According to a Stuff report: New Zealand might be in lockdown but at a time when problem gamblers are at their most vulnerable, the TAB and online gambling sites are open for business.
Might be in lockdown?
We wonder where sports writer Mat Kermand was when he wrote that sentence as a prelude to a somewhat huffy article about taking bets not being listed as an essential service.
Kermand noted that under level four of the Covid-19 scale – which says “only businesses absolutely essential to ensure the necessities of life” can operate – the TAB can trade online because it can run its business with staff working remotely during the Coronavirus outbreak.
He went on:
Lotto is also available online only and overseas gambling and gaming websites are not restricted by New Zealand law despite it not being illegal for Kiwis to use them.
PGF Services entered the narrative with spokesperson Andree Froude calling on all online gambling services to step up their host responsibility, because (apparently) the hundreds of thousands of Kiwis off work, unable to leave home, with excess spare time on their hands, will be to blow whatever money they can struggle to find in these straitened times.
“For people who struggle with addictions things like this … stress, anxiety, this is a trigger for people who are susceptible,” Froude said.
Ah. They used to be known as the Problem Gambling Foundation, but that gives people a pretty good idea of what they actually do, so they changed their name to something more cryptic.
The Totalisator Agency Board has changed its name, too – it became the New Zealand Racing Board (established under the Racing Act 2003 to operate the TAB, promote the racing industry and “maximise the profits of the industry”).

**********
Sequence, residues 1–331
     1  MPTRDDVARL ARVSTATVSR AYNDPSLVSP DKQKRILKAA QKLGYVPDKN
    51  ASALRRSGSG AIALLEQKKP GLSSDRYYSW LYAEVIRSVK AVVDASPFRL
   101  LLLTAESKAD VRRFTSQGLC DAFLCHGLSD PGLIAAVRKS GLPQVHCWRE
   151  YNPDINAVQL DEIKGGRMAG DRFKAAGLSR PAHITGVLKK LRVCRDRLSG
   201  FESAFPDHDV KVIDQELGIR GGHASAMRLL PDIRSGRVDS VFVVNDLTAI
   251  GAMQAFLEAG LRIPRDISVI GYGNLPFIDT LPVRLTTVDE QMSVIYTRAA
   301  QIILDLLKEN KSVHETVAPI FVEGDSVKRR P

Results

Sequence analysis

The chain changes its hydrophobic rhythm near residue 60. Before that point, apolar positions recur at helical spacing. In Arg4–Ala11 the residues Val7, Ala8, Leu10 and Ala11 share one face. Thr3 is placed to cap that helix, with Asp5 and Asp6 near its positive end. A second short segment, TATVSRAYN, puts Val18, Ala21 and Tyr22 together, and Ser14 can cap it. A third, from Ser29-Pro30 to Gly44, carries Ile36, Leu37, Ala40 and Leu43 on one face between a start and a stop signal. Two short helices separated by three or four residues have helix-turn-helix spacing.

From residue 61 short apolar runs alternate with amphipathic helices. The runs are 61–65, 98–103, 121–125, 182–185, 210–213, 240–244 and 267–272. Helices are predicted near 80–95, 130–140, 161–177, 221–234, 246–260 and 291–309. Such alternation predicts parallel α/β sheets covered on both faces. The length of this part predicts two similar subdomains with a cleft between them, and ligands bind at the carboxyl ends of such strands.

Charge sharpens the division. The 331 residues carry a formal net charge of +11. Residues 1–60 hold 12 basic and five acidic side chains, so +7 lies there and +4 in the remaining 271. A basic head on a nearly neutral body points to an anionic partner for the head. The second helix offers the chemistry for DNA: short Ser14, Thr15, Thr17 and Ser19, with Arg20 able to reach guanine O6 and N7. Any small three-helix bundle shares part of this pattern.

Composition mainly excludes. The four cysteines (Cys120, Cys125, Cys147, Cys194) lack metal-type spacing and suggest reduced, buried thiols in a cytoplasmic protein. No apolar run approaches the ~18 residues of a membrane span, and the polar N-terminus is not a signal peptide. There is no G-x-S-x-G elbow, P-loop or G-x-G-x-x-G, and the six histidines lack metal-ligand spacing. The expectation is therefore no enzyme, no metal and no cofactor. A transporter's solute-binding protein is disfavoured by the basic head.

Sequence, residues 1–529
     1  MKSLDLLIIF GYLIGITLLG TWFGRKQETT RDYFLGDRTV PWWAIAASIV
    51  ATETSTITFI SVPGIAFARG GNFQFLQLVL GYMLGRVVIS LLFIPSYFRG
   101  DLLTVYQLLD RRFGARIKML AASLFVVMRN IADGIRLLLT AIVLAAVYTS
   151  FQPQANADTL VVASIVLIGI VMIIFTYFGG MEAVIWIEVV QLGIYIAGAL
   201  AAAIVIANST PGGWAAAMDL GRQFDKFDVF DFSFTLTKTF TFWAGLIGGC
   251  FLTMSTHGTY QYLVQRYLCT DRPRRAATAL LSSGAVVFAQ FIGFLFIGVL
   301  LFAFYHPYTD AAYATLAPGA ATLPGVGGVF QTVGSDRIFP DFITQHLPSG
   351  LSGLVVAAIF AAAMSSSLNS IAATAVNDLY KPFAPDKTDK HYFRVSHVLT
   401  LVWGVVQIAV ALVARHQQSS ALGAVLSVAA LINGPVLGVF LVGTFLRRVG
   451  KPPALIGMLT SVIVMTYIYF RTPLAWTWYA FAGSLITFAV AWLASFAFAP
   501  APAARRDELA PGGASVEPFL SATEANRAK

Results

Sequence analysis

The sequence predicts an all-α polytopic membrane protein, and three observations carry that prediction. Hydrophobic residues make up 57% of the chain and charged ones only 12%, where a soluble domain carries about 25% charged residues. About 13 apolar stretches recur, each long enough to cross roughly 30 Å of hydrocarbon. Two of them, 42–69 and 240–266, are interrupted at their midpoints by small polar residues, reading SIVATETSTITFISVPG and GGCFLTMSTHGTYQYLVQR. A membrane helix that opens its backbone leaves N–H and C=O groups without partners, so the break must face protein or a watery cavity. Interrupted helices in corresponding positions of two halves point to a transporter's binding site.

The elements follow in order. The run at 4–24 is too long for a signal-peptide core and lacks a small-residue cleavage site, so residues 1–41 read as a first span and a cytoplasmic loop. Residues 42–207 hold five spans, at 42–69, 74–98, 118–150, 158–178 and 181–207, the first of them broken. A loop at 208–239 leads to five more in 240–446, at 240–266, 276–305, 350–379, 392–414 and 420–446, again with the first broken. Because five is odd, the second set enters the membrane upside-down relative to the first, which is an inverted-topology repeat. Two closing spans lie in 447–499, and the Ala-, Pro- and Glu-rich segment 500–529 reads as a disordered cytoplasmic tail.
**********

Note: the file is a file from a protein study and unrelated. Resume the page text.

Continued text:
Then there was another change. On 1 July 2019 , it was reconstituted as the Racing Industry Transition Agency “to lead and deliver a programme of change to transition the New Zealand racing industry to a financially sustainable future”.
As the board’s 2019 annual explains, the creation of RITA included the formation of a new governing body, appointed by the Minister for Racing (Winston Peters is the incumbent Minister).
RITA retains the existing functions of the NZRB, including TAB Trackside, the largest live sports broadcaster in the country and the ongoing operation of the TAB, New Zealand’s only licensed betting agency. The TAB is a major entertainment business with more than 220,000 active TAB account-holders and a retail network consisting of almost 580 outlets. Every bet placed with the TAB makes an integral contribution to the growth of racing and sport in New Zealand and the livelihoods of the many thousands of Kiwis involved in racing and sport.
Words like TAB, New Zealand Racing Board and Racing Industry Transitory Agency – just as they do with PGF Services – camouflage the nature of the business they are in. In this case, it is to run a statutory monopoly for New Zealand sports betting.
The board also has an obligation under the Racing Act to regulate and improve the New Zealand racing industry and to schedule the racing calendar to maximise profit.
Financial results for 2018/19 showed net profit before distributions to an array of sporting and racing codes was $136.7 million, down $9.2 million (6.3%) on the previous year and $36.8 million below the budget of $173.5 million. But the board was confident it would deliver on its forecast net profit in 2019/20 of $165.8 million.
The annual report says: